The polar vortex, record low temperatures in the deep South, gripping snow storms that paralyzed many cities… thankfully we’re finally starting to thaw out! This is when creature comforts of home can be most appreciated, especially if you had to spend any length of time outdoors in this frigid weather.
Birds and wildlife in general have additional stresses during severe cold as they must expend more energy to find food and shelter. Sure they’ve adapted, and use various methods for coping with high winds and biting cold. The weaker of any species may succumb to starvation or predation, thus the old adage “survival of the fittest”.
Wild birds will seek shelter in shrubs, dense foliage, natural cavities, even birdhouses and roosts. Some, like bluebirds, will even huddle together for warmth. Many common backyard birds will spend the entire day at bird feeders packing on calories to make it through another night. Peanuts, suet and black oil sunflower provide power-packed meals for most of our feathered friends! Keeping feeders clean and full greatly increases survival rates of resident songbirds during freak weather like last week.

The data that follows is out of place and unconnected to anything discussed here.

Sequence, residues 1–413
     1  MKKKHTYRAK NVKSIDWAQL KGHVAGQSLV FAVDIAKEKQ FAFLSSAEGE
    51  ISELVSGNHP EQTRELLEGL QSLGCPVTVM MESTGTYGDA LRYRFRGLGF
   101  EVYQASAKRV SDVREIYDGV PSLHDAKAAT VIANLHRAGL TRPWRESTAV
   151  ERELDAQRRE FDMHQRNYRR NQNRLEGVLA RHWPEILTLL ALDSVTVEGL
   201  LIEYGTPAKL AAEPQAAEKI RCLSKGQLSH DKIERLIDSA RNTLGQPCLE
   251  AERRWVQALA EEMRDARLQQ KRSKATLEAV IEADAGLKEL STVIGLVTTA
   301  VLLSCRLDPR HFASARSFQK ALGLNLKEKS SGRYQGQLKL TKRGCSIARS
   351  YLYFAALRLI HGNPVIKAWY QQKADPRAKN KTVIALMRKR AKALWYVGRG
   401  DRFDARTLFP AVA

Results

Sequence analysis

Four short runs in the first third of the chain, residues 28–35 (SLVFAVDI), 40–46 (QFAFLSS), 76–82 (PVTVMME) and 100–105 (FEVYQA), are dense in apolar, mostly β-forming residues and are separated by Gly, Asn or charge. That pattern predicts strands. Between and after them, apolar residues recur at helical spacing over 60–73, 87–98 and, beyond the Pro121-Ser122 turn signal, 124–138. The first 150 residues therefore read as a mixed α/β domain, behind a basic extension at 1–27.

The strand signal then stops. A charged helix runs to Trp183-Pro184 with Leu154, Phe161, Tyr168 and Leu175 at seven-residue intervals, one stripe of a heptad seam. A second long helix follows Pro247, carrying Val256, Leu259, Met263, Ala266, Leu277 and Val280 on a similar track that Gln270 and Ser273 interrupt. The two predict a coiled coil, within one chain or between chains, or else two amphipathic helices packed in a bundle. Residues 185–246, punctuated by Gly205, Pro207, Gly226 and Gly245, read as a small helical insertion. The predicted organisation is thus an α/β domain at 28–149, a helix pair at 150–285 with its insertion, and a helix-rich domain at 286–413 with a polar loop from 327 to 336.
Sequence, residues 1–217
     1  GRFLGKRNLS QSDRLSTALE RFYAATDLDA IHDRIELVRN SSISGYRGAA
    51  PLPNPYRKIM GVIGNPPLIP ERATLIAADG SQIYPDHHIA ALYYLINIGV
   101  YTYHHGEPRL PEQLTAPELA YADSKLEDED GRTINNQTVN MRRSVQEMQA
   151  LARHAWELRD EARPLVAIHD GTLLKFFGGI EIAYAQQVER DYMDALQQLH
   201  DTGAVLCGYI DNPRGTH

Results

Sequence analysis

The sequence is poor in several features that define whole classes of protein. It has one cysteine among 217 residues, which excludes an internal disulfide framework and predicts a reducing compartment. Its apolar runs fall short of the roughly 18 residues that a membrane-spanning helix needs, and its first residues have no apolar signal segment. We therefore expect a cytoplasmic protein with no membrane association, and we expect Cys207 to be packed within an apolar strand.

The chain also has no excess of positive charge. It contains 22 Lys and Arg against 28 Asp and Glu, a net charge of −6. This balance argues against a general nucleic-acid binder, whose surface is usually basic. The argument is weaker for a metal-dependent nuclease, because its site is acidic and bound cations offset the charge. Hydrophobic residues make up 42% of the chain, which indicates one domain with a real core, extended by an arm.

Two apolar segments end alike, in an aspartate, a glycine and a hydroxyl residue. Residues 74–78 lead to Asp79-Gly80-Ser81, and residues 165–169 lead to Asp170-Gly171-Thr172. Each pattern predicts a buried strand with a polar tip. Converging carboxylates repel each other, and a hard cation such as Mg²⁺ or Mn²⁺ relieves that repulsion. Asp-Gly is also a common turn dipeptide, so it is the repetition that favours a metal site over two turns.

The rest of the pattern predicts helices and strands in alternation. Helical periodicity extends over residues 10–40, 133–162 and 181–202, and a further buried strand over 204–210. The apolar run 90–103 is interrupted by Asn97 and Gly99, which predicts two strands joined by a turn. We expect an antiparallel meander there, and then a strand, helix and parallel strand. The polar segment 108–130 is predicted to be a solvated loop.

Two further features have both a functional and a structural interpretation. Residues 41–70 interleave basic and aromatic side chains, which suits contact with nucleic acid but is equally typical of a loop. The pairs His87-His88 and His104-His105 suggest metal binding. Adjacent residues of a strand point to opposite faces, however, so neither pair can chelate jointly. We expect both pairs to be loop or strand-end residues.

But what about water – surely with all that snow out there, birds can get water? Yes, they can, but it costs them dearly. The snow must be converted to water, which takes precious energy, and during single-digit temps, every ounce of energy must be conserved in order to survive.
This is when heated bird baths can literally be life savers for some birds since they require water daily. Some baths may even form ice around the edges, but they’ll still leave open water towards the center. Adding a heater to your existing bath is also a great option, or even putting out a shallow pan of warm water several times a day. Hey, if the snow’s that bad you’re probably home from work anyway, right?
Please help birds through tough winter weather by offering food, water and shelter, their lives depend on it!